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Netflix fix: 'Friends with Kids' surprises as a modern romantic comedy

Luis Rendon

By Luis Rendon
March 20, 2013 at 1:04 p.m.
Updated March 19, 2013 at 10:20 p.m.

Adam Scott and Jennifer Westfeldt skip the mess of love and marriage and decide to have a baby together in "Friends With Kids."

Adam Scott and Jennifer Westfeldt skip the mess of love and marriage and decide to have a baby together in "Friends With Kids."

There is a societal norm that, for the most part, expects people to fall in love, get married and then have children. In that order.

In "Friends With Kids," (R) after witnessing their coupled friends become less fun, less cute (less everything, really), two besties decide to break the norm and have a child together without all the nasty marriage and love stuff.

"I promise to commit to this 50 percent of the time." Julie, played by Jennifer Westfeldt, and Jason, a great Adam Scott, shake; and it's decided - they're having a baby.

The college friends love each other (but not in that way, obviously). They both want to have kids now, and worry about finding a partner later. What could possibly go wrong?

The idea of exploring the social construct is an interesting one, but within the realm of two attractive and successful friends falls into this weird almost cliche zone.

Fortunately, the cast is so strong and likeable, it really doesn't matter.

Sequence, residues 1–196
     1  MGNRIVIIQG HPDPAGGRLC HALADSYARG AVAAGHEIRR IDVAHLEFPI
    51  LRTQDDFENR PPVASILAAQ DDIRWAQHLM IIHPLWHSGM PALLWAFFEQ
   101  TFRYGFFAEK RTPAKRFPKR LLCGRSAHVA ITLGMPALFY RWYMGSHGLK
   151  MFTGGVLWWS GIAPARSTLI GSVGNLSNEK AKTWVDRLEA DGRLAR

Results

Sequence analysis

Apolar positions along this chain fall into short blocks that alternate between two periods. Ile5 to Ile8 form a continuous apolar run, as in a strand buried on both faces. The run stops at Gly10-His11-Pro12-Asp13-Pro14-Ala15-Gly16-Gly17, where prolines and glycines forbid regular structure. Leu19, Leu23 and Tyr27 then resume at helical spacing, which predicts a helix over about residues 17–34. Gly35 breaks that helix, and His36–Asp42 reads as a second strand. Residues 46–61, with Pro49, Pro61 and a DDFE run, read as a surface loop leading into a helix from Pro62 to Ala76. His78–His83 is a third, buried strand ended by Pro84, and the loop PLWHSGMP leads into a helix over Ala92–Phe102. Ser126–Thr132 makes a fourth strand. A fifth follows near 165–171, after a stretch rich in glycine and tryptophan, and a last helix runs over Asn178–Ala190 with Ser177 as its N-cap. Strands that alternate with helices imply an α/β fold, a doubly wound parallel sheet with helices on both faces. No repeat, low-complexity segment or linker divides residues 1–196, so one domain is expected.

Westfeldt, who performed triple duty on the movie as the star, writer and director, really turns in a great script for her actors to play with.

Maya Rudolph, Kristen Wiig, John Hamm (Westfeldt' real-life husband) and other friendly faces really make the movie sing, reflecting different relationships and the effects having kids have on them.

For a while, the movie chugs on this path of success for Julie and Jason. They love their son, they both are dating and it is sincerely interesting to see them be happy in this alternative family situation.

Of course, however, love is never simple, and by the end of the movie we're done exploring social constructs, and we fall into the familiar tropes of Hollywood that belong in less sharp movies.

Though a little crass (the last scene is particularly, head-scratchingly vulgar), the overall product is a winning and thought-provoking romantic comedy that breathes new air into the fast-dying genre.

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